Rep. Juanita Millender-McDonald, a seven-term congresswoman from southern California, died early Sunday of cancer. She was 68.
Millender-McDonald died at her home in Carson, said her chief of staff, Bandele McQueen.
The congresswoman had asked for a four- to six-week leave of absence from the House last week to deal with her illness. McQueen couldn’t immediately provide details on what form of cancer Millender-McDonald had, but said she had been receiving hospice care.
“Juanita Millender-McDonald was a trailblazer, always advocating for the full participation of all Americans in the success and prosperity of our country,” House Speaker Nancy Pelosi said in a statement. “The dignity with which she faced her illness was an indication of the determination with which she always served the people of her district.”
Millender-McDonald represented a heavily Democratic southern California district that includes Compton, Long Beach and parts of Los Angeles.
“She was a champion for the consumer and fought injustice wherever she saw it. She always valued public service and served her state and nation with grace and honor,” said California Democratic Party Chairman Art Torres, who served with her in the California state Legislature.
Millender-McDonald is the second member of Congress to die this year of cancer. Republican Rep. Charles Norwood Jr. of Georgia died in February after battling cancer and lung disease.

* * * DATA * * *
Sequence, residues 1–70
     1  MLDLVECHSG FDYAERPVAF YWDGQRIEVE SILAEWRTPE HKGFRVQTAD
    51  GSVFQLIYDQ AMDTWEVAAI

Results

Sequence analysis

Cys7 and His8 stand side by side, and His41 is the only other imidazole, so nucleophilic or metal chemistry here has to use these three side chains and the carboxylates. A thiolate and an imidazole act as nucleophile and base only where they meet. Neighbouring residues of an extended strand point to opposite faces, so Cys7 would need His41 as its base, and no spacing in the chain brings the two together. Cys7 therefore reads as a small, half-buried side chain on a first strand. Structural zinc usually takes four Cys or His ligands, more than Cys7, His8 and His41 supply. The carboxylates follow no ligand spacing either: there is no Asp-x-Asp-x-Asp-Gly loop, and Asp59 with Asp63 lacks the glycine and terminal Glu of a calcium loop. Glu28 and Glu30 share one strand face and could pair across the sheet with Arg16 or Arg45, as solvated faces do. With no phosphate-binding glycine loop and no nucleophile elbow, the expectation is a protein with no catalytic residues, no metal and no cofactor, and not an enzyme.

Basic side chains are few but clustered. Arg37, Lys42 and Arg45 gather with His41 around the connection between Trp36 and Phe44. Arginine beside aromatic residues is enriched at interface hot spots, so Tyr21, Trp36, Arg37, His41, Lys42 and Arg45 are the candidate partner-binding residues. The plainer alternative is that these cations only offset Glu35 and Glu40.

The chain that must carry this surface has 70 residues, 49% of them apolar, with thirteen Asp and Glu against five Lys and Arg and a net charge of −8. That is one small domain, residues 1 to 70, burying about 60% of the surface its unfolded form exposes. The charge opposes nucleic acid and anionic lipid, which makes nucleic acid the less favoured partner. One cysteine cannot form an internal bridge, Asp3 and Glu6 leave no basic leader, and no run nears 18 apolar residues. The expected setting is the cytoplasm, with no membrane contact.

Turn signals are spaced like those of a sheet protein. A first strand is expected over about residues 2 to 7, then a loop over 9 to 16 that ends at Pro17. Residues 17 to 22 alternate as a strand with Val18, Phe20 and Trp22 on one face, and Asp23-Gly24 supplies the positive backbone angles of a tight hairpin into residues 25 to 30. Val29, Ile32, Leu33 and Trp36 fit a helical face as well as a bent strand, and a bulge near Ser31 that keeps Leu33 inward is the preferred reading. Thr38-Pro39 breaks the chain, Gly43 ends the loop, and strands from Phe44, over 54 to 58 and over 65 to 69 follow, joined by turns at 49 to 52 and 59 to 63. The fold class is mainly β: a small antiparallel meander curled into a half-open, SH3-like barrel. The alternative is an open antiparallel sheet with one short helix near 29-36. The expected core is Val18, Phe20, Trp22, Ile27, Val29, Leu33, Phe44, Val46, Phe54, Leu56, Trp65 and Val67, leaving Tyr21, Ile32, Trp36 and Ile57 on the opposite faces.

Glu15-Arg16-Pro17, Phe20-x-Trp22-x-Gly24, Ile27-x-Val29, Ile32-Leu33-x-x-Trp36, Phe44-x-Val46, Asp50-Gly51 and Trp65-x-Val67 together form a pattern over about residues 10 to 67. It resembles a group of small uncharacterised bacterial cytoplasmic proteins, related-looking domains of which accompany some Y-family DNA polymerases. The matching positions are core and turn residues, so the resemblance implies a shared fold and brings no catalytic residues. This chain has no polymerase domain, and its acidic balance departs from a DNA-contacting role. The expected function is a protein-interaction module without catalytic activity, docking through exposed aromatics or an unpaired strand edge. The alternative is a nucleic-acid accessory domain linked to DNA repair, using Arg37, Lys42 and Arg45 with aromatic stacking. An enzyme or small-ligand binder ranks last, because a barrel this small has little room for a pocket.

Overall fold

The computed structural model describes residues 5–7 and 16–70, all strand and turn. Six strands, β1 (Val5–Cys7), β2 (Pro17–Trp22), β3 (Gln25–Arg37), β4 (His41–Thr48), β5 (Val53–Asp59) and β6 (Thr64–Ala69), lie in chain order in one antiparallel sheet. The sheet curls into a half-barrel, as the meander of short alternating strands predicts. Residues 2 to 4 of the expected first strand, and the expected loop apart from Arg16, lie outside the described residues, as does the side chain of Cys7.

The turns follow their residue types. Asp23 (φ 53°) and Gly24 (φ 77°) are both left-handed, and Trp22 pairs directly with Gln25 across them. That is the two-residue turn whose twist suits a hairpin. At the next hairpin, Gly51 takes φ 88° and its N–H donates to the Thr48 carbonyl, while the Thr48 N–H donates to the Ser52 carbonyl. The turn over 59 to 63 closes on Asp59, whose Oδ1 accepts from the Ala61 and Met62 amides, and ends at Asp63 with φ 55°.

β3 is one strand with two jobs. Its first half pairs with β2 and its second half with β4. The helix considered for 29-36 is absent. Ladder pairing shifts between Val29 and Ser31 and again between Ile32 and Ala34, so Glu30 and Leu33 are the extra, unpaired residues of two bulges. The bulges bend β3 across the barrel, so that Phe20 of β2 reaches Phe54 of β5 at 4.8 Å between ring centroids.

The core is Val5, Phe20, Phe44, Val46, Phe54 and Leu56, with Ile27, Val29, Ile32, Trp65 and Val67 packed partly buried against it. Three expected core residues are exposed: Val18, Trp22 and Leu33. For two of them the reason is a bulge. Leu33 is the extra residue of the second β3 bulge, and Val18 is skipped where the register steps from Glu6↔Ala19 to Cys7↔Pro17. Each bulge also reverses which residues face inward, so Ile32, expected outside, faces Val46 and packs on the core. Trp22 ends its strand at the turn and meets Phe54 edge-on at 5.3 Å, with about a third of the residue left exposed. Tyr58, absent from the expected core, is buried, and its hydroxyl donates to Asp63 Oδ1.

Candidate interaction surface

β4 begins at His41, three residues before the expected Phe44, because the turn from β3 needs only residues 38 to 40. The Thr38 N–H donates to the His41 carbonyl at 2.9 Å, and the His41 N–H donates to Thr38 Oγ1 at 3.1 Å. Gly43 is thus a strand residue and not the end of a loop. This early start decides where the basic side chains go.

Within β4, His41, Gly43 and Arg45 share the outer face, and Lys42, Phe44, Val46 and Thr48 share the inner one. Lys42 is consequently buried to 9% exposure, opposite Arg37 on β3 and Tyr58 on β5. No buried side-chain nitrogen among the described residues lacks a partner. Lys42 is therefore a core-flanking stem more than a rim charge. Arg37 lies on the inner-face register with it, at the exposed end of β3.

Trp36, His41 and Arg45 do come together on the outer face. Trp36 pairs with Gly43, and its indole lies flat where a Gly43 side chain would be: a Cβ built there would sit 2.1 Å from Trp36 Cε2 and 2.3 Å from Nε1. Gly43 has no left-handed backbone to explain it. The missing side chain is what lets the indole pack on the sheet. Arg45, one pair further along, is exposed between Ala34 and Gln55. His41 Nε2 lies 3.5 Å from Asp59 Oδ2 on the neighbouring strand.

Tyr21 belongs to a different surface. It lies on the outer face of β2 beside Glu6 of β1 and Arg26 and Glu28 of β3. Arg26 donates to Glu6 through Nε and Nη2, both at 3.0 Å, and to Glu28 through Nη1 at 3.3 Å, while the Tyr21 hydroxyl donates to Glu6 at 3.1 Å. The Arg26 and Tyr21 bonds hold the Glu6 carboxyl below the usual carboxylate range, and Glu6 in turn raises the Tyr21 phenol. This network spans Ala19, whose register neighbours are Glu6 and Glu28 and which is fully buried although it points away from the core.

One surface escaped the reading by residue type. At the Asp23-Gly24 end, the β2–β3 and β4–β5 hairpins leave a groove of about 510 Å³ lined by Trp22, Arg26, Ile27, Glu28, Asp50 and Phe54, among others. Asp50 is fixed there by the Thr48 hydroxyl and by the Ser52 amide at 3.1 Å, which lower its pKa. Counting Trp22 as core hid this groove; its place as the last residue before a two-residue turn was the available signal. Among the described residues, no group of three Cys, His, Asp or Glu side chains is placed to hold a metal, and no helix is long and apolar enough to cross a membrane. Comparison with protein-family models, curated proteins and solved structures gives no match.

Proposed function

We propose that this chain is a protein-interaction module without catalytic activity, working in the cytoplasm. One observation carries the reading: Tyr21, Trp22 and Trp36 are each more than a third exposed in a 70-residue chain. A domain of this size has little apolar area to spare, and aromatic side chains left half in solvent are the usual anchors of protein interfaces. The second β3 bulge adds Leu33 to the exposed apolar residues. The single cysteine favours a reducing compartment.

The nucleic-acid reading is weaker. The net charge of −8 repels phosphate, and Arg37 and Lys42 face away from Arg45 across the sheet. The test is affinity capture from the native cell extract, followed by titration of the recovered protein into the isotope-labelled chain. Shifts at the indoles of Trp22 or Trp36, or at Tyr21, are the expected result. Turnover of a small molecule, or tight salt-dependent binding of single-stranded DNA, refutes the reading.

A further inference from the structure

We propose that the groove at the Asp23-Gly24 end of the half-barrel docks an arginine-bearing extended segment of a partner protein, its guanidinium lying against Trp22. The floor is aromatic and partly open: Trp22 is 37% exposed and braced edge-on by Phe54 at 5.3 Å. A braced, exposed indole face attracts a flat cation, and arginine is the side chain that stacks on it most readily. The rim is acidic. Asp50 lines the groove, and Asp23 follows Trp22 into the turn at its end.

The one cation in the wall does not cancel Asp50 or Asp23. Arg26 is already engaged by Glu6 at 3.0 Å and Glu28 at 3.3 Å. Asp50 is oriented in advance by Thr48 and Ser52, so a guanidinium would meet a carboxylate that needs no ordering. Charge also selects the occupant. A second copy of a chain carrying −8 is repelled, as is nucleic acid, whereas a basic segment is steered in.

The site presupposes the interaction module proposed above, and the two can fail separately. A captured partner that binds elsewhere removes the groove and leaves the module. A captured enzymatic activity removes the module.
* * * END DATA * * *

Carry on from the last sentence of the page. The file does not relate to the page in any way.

“Many of us are very saddened by her death, and in some respects stunned by it,” said state Sen. Mark Ridley-Thomas, who has worked with Millender-McDonald in different capacities for more than two decades. “She knew about the issues of justice and injustice, and carried that banner wherever she went.”
The congresswoman’s son, R. Keith McDonald, had received “temporary emergency release” from a 41-month prison term after his mother had surgery in May 2005, according to the Los Angeles Times. The former Los Angeles water district official was convicted of extortion in a contracts case. Millender-McDonald was never implicated.
The congresswoman, a native of Birmingham, Ala., worked on former Los Angeles Mayor Tom Bradley’s unsuccessful 1982 gubernatorial campaign and other local races as a volunteer before getting elected to the Carson City Council in 1990.
She went on to serve in the California state Assembly, and in 1996 sought a U.S. House seat during a special election to replace Rep. Walter Tucker III, who had been convicted of taking bribes while mayor of Compton and of cheating on his taxes.
She won the special election, and in March beat out Tucker’s wife, Robin, in a primary that featured nine Democrats. She won a full House term in November 1996 and has subsequently won re-election easily.
Millender-McDonald has recently worked on issues including election reform and opposing the genocide in Darfur. She drew national attention in 1996 when she took then-CIA director John Deutch to Watts to address the community following a newspaper report alleging that profits from domestic sales of crack-cocaine were funneled to the CIA-backed Contras in Nicaragua.
This year, Millender-McDonald became chair of the Committee on House Administration, which oversees operations of the House and federal election procedures.
She is survived by her husband, James McDonald, Jr., and five adult children.
Under California election procedures, Gov. Arnold Schwarzenegger has 14 days to set a date for a special election to fill the seat.